a critical view of the "lipman method": philosophy and pedagogy in action

pierre lebuis

Abstract


As the responsible agent for teacher training in the framework of various research projects on the Philosophy for Children program in Quebec, and having facilitated many discussions with the focus on primary and secondary levels of education, the observations of Oscar Brenifier on several problematic aspects of P4C, linked to his critical view of the Lipman method, in fact inspired in me to a necessary reflection. His critique led me to consider Philosophy for Children in a new light, especially regarding certain modalities of implementation. Giving voice to children so they can express what they think is in fact a revolutionary innovation in schools, and this practice should be encouraged in the interests of a transformation of a school culture focused on knowledge transfer, in which the student is invited to talk only when answering the teacher’s questions. The possibility of expressing themselves freely, without the teacher's judgment is, in this sense, an important step that allows the student to recognize himself as a thinking subject and this is, without doubt, the dimension that inspires many people who search to introduce a space in the classroom for students’ voices and group discussion. From my point of view, a large part of the explanation of the distance between the application of Lipman’s initial philosophical-pedagogical project, and the style of application to which Brenifier attests, has to do with the fact that the modalities of training and support to the teachers have often been neglected. In many places in which the program is implemented, volunteers are in charge, and the local school authorities are not concerned to establish the necessary conditions for guaranteeing its rigor. But it is not just a problem of philosophical culture, as Brenifier seems to believe.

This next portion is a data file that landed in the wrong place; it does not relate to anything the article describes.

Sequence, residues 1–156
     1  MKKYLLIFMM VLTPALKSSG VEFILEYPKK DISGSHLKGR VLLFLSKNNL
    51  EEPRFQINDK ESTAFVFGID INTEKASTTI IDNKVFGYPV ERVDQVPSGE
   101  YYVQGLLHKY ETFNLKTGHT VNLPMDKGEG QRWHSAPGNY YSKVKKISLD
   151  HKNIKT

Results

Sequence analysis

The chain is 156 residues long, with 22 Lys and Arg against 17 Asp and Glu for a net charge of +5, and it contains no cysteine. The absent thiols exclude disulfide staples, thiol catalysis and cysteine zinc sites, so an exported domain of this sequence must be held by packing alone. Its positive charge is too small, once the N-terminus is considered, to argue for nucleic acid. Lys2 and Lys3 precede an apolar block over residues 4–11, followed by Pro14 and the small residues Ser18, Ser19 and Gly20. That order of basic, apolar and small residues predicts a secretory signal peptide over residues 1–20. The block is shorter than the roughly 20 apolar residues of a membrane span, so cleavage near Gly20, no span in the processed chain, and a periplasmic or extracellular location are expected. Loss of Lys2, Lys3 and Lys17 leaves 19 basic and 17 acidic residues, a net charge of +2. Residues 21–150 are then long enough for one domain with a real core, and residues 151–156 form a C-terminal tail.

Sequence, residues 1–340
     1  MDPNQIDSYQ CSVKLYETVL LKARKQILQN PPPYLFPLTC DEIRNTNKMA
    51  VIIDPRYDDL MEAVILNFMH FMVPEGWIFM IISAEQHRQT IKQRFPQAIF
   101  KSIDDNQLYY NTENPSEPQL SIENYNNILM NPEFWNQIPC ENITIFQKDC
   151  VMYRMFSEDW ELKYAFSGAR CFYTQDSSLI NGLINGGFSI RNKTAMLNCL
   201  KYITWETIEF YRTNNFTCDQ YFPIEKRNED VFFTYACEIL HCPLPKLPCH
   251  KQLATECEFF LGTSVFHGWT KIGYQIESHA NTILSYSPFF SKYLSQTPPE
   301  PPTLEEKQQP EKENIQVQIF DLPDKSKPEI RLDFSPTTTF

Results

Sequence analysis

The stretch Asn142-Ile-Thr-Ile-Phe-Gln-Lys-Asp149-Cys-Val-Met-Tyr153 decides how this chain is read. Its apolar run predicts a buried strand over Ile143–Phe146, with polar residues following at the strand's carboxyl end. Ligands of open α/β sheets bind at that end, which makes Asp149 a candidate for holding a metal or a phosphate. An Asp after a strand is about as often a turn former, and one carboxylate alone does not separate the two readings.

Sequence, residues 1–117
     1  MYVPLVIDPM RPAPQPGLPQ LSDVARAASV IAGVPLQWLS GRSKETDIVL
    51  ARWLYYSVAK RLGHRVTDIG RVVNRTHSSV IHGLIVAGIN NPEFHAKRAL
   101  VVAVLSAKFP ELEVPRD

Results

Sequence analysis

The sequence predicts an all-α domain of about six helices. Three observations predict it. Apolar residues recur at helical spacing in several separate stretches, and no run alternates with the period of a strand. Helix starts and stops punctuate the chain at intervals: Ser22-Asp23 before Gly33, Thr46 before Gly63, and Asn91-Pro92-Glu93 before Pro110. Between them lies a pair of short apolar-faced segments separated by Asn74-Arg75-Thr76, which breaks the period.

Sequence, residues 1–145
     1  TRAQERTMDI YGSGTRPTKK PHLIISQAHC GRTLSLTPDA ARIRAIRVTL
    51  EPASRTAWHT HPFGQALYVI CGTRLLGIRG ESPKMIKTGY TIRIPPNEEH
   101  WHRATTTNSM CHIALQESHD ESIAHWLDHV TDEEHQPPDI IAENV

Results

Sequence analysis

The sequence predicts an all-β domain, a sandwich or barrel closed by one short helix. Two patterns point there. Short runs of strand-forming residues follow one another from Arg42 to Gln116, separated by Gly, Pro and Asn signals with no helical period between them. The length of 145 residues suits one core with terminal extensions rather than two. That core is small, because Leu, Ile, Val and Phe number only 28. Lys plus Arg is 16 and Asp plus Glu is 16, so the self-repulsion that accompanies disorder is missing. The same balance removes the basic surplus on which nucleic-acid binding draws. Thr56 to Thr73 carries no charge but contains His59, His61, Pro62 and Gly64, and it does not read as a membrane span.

Keywords


Philosopie; Education; Matthew Lipman; Critique; Formation d’enseignants

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e-issn 1984-5987 | p-issn 2525-5061